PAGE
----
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A phylodynamic workflow to rapidly gain insights into the dispersal history and dynamics of SARS-CoV-2 lineages

By Simon Dellicour, Keith Durkin, Samuel L. Hong, Bert Vanmechelen, Joan Marti-Carreras, Mandev S. Gill, Cécile Meex, Sébastien Bontems, Emmanuel Andre, Marius Gilbert, Conor Walker, Nicola De Maio, Nuno R. Faria, James Hadfield, Marie-Pierre Hayette, Vincent Bours, Tony Wawina-Bokalanga, Maria Artesi, Guy Baele, Piet Maes

Posted 08 May 2020
bioRxiv DOI: 10.1101/2020.05.05.078758 (published DOI: 10.1093/molbev/msaa284)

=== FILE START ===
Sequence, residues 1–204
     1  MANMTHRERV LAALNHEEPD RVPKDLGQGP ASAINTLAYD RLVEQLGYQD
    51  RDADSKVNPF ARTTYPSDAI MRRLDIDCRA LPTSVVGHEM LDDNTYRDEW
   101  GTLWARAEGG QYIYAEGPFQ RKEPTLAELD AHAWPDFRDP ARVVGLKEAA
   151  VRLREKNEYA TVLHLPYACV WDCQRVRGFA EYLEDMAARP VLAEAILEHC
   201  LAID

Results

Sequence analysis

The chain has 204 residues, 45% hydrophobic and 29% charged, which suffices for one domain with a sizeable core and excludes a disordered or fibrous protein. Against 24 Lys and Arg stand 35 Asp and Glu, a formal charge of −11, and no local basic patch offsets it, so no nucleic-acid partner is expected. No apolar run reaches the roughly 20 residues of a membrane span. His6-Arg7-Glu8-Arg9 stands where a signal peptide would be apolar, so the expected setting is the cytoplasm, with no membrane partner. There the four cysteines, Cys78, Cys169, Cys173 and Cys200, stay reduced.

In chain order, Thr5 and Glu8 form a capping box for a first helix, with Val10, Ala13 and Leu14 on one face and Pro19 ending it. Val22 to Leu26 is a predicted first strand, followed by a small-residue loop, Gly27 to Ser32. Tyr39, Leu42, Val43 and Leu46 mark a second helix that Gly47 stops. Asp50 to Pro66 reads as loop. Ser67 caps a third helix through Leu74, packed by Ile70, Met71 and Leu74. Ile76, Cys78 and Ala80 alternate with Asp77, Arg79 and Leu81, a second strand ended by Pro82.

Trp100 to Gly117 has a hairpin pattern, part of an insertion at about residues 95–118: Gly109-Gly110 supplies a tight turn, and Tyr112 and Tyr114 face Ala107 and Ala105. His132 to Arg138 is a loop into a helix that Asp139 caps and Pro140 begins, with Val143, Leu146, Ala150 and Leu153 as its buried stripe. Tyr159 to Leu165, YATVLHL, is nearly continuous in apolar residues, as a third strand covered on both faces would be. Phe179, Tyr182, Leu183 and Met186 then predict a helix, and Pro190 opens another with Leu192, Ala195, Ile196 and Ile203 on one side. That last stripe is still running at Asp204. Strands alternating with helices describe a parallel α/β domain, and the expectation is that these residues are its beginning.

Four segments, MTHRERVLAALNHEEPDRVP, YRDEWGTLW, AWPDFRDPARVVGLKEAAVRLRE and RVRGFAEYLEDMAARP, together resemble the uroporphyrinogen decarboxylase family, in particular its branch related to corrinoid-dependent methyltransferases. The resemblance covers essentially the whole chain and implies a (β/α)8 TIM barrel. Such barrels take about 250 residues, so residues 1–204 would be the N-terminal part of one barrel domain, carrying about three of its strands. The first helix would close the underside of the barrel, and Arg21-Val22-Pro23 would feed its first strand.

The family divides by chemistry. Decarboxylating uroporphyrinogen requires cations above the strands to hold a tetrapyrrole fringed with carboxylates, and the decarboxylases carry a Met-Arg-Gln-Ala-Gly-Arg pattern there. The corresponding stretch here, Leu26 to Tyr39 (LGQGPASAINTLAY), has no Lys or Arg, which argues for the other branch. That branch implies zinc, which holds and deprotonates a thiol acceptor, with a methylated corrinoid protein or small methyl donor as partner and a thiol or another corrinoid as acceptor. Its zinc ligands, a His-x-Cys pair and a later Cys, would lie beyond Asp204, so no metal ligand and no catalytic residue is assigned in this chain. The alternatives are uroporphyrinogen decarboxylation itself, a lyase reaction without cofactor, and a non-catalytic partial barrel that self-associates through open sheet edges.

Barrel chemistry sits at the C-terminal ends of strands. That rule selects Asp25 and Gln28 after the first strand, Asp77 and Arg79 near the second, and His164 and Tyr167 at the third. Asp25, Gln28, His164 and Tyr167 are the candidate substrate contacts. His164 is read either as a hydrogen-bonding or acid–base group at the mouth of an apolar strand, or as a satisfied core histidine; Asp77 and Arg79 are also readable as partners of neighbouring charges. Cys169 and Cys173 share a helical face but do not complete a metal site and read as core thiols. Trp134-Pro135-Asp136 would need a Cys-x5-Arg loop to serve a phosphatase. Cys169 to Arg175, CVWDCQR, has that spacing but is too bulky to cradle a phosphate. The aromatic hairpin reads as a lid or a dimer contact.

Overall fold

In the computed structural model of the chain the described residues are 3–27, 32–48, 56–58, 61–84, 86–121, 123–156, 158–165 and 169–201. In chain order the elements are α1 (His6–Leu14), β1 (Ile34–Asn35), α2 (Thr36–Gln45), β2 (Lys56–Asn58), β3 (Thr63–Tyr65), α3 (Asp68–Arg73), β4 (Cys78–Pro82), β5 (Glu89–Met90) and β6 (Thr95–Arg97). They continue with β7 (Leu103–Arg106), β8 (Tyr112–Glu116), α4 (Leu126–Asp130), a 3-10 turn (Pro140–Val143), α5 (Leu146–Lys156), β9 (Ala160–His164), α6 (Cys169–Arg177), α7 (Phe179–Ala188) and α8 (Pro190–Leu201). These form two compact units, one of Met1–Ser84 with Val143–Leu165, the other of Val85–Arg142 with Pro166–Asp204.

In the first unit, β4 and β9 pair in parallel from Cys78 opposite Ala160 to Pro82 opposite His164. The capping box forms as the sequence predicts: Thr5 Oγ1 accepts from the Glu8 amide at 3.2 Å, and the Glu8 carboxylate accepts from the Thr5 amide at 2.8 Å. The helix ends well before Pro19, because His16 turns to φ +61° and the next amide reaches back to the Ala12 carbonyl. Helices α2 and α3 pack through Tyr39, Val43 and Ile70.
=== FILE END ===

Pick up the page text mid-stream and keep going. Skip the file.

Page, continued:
Since the start of the COVID-19 pandemic, an unprecedented number of genomic sequences of the causative virus (SARS-CoV-2) have been generated and shared with the scientific community. The unparalleled volume of available genetic data presents a unique opportunity to gain real-time insights into the virus transmission during the pandemic, but also a daunting computational hurdle if analysed with gold-standard phylogeographic approaches. We here describe and apply an analytical pipeline that is a compromise between fast and rigorous analytical steps. As a proof of concept, we focus on the Belgium epidemic, with one of the highest spatial density of available SARS-CoV-2 genomes. At the global scale, our analyses confirm the importance of external introduction events in establishing multiple transmission chains in the country. At the country scale, our spatially-explicit phylogeographic analyses highlight that the national lockdown had a relatively low impact on both the lineage dispersal velocity and the long-distance dispersal events within Belgium. Our pipeline has the potential to be quickly applied to other countries or regions, with key benefits in complementing epidemiological analyses in assessing the impact of intervention measures or their progressive easement. ### Competing Interest Statement The authors have declared no competing interest.

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